ANCSLEEP BLOG

6 Strange Things That Help Adults Sleep

Posted by Tyler Britton on Jun 14, 2019 8:00:00 AM

Strange things that help adults sleep - Anchorage Sleep Center

Not being able to sleep is frustrating. You may have already tried all of the obvious things, such as having a sleep routine, avoiding too much caffeine, avoiding alcohol before bed, and so on. Fortunately, there are creative ways to help you get to sleep. Here are six strange but well researched, proven ways to sleep better that may help you.

1 - Rock Yourself To Sleep

A recent study on sleep and rocking found that rocking helps adults sleep more deeply and wake up fewer times during sleep. Here is a summary of the study:

  • Monitored sleep of 18 adults over three nights who slept in bed that rocked gently
  • Electrodes recorded brainwave activity throughout each night
  • Results concluded that the adults slept better, deeper, and longer when they were in the rocking bed

Rocking before bed may help the onset of sleep, such as in a rocking chair or certain yoga exercises that involve rocking.

2 - Adopt a Bed Time

Bed times aren’t just for children. Having a consistent bedtime that you rigorously follow is an extremely important part of setting your biological clock. Even on weekends, try to stick to your bed time as closely as possible.

Of course, having a bed time is easier said than done. Some of the hardest parts about sticking to a bed time are:

  • Having children, who don’t always cooperate with your plans
  • Having laptops and screens whose blue light suppresses the onset of melatonin
  • Using applications (social media, YouTube, etc.) that have extensive functionality designed to keep you using the app
  • Weekends, where you want to have fun and do things!
  • Traveling, which makes it hard to keep any kind of schedule

Obviously, there will be interruptions in setting your bed time, but staying diligent with it as much as reasonably possible can do wonders for sleeping.

3 - Do the Same Exact Activity Every Night Right Before Bed

You can condition yourself to queue up for bed in response to some kind of stimulus, just like Pavlov’s dog with the bell and saliva.

This tip is slightly different than having a pre-bedtime sleep routine, which you are probably already aware of. This is doing the same exact activity – as in, exactly the same activity – right before bed, such as:

  • Listening to a particular song
  • Doing a particular activity, such as ringing a bell
  • Smelling a particular smell, such as lighting a candle or essential oil
  • Doing a series of basic activities in an exact order, such as closing your book, then turning out the light, then taking a big deep breath in and out, and then counting backwards from 20 – it can be whatever series of actions you want so long as it’s the same

You get the idea. You can a series of activities or one activity, but the point is to do it every night, without fail, just before you try and go to sleep.

4 - Breathing Exercise That are Extremely Effective

Yoga offers additional benefits that may aid in your sleep

There is a yogic breathing exercise that is great for sleep. It’s called the 4-7-8 breathing technique and it works like this:

  1. Close your eyes and lie on your back in bed
  2. Place the tip of your tongue on the roof of your mouth just above your teeth – your tongue should stay here for the whole exercise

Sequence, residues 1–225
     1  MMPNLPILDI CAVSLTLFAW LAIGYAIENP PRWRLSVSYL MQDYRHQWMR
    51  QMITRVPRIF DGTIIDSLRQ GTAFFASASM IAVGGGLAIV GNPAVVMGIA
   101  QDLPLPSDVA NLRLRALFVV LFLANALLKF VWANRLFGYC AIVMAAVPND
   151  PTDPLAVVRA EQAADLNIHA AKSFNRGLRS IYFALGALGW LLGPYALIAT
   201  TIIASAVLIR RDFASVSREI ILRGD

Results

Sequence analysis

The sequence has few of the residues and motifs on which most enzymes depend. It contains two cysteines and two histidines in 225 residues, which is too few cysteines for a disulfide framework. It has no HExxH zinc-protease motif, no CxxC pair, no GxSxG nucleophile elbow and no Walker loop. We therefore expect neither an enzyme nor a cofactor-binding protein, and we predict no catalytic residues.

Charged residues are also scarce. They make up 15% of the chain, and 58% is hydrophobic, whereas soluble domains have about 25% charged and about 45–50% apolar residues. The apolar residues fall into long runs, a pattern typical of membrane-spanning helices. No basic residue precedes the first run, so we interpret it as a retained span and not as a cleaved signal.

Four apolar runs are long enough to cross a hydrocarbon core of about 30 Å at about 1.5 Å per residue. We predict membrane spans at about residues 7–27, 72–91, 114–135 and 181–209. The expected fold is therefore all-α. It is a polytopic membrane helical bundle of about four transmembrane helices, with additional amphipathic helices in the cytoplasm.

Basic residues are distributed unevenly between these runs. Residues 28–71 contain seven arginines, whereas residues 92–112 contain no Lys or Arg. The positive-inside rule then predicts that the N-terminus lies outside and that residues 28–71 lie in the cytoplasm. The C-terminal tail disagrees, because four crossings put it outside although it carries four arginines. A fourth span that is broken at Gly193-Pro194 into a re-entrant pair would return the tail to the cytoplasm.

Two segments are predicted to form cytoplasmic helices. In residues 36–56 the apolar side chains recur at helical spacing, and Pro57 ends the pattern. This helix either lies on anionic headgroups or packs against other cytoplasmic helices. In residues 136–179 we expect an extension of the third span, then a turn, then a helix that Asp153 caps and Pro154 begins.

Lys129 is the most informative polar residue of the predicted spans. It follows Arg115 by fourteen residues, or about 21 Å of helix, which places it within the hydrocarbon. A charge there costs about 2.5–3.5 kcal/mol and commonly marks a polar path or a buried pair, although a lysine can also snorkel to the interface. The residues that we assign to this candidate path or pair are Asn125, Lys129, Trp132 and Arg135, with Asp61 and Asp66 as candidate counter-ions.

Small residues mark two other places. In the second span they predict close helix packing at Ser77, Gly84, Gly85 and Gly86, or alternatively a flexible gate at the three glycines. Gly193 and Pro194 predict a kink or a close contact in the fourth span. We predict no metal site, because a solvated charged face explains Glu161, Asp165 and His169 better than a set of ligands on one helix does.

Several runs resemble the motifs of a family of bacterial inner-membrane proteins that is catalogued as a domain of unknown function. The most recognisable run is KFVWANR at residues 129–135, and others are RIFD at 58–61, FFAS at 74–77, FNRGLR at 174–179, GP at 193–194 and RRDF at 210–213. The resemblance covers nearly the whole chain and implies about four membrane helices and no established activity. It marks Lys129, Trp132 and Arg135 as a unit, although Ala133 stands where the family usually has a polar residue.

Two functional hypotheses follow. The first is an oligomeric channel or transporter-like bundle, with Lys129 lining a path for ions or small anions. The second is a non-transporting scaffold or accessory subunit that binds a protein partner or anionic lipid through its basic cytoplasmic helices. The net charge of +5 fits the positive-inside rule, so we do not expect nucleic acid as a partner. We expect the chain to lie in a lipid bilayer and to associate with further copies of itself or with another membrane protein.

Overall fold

3. Forcefully exhale completely through your mouth by pushing the air out with your belly
  4. Close your mouth and inhale slowly and quietly through your nose for four seconds (slow seconds!)
  5. Hold your breath and count to seven
  6. Exhale completely through you mouth for eight seconds, making a “whoosh” sound at you exhale
  7. Deep inhale through your nose, and repeat steps 3-7 THREE times, remembering to only inhale through your nose and exhale through your mouth

This breathing technique might sound odd but it works because: oxygen relaxes the parasympathetic nervous system and promotes relaxation.

5 - Sleep in a Cooler Room

Our bodies prepare us for sleep in response to two things:

  • Changes in light (from light to dark)
  • Cooling of temperatures at the onset of nighttime

Biologically, our bodies are designed to sleep at the night when it is cold. Keeping a cooler room at night tells our bodies that it’s night time, and time for sleep. Colder rooms queue our bodies to produce melatonin, which will help you get to and stay asleep. Furthermore, if you are in a hot room, you are more likely to wake up.

A “cooler” room doesn’t mean a “cold” room necessary, but a temperature that is cooler than what you would normally keep your room at. For example, a temperature between 60-68 degrees is reasonable.

Take a Hot Bath Before Bed

Like sleeping in a cooler room, taking a hot bath before bed simulates the same “cooling” effect that tricks your body into producing melatonin.

Why does taking a hot bath do this? Because after you get out of a hot bath, your core temperature experiences a drop – the same kind of drop your temperature would experience if you were outside during the transition from day to night.

Taking a hot bath right before bedtime will queue your body to start producing melatonin.

What if You Still Can’t Sleep?

If you have tried these tricks and everything else, there may be deeper underlying issues that are causing you to not sleep properly, such as:

  • Insomnia
  • Circadian rhythm disorders
  • Restless leg syndrome

If you live in Alaska and still can’t sleep, take our online sleep test and get in touch with our sleep specialists.

Take a Free Online Sleep Test

Topics: sleep health

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